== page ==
GOMZ stands for Gosularstvennyi Optiko-Mekhanicheskii Zavod (State Optical-Mechanical Factory). Founded in 1932 near Leningrad (now St. Petersburg), the GOMZ factory is one of the oldest of Soviet optical companies.
In 1965, the factory changed its name to LOMO or Leningradskoe Optiko Mekhanichesko Obedinenie (Leningrad Optical-Mechanical Union).
The Leningradskoe Optiko Mechanichesckoe Objedinenie (LOMO) was one of the largest and most secret companies in the Soviet Union. Before 1966 it had been GOMZ. They designed and made almost all of the optics used by Soviet military and space programs, but also normal cameras like the Voigtländer copy LOMO Lubitel 2. Now, however, Russia has lost her client states and hence LOMO has lost most of its military and scientific contracts. The company that once employed over 30,000 people now employs about 10,000 but still remains the largest firm in St. Petersburg.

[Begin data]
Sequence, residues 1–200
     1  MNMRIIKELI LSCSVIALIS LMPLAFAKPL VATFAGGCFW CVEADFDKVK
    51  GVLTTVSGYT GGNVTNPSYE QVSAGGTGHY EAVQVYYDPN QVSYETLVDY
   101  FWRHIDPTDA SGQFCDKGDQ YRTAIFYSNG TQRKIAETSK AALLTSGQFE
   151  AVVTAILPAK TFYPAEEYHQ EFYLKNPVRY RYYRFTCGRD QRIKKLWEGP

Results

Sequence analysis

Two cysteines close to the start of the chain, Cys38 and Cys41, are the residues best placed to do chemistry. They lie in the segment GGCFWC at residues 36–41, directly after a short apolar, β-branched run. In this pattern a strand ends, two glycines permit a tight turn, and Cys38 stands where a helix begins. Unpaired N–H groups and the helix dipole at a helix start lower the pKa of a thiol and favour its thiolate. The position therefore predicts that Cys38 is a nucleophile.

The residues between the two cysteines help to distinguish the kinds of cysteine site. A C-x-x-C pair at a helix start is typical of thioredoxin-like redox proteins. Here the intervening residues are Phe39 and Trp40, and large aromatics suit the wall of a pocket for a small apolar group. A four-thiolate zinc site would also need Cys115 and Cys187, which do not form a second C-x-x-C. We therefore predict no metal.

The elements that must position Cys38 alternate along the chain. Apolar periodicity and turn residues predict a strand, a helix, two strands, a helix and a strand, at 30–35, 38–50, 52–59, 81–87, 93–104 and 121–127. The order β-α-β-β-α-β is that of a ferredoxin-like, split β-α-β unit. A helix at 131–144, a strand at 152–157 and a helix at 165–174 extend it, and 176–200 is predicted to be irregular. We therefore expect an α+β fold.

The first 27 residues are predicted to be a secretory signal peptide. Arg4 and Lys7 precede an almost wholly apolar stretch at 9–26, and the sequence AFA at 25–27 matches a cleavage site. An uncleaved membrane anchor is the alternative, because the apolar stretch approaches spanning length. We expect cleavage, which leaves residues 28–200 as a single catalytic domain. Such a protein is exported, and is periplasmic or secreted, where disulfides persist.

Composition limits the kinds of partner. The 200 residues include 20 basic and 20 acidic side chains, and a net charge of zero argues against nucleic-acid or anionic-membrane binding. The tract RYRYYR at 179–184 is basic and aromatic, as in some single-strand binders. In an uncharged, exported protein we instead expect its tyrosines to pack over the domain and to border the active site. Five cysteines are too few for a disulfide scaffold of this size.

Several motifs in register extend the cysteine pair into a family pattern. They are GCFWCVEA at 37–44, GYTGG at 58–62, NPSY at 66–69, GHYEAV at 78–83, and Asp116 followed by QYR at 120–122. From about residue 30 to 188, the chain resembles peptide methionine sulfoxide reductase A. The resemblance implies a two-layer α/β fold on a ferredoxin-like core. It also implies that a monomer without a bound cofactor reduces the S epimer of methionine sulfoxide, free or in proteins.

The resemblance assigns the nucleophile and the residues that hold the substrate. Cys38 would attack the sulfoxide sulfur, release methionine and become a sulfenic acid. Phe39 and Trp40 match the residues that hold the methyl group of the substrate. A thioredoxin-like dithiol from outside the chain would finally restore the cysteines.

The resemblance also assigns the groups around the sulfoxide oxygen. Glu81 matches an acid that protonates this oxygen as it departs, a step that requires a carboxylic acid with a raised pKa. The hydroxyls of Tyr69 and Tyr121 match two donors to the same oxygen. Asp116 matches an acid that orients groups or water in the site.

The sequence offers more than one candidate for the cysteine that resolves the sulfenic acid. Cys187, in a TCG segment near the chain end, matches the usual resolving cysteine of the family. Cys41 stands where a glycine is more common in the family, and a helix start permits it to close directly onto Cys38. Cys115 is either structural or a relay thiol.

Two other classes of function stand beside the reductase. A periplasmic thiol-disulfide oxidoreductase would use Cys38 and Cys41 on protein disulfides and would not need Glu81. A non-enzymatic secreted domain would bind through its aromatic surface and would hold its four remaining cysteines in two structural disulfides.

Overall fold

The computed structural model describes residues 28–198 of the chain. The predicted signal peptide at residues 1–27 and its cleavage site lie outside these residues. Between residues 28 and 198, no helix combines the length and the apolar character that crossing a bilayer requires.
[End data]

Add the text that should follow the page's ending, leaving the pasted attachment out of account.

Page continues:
After the decline of the Soviet Union, two Viennese marketing students - Matthias Fiegl and Wolfgang Stranzinger - came upon an LC-A while travelling in 1991. They shot random snapshots of their travels with their new LOMO, not knowing what would turn up on film. To their surprise, the resulting images had amazing colour and saturation, and were unlike anything they'd seen before. And so the Lomography movement was born.
Today, LOMO is best known among photographers as a producer of toy cameras - cheap, low-quality plastic cameras. However the company's accomplishments should not be underestimated. The LOMO company produces microscopes, spectral instruments, measuring instruments, sighting tubes, objective lenses, telescopes, sights, night vision devices, and more. They also made the largest telescope in the world, with a mirror that is 6 meters in diameter.
(Source: Wikipedia, Images: lomo.ru)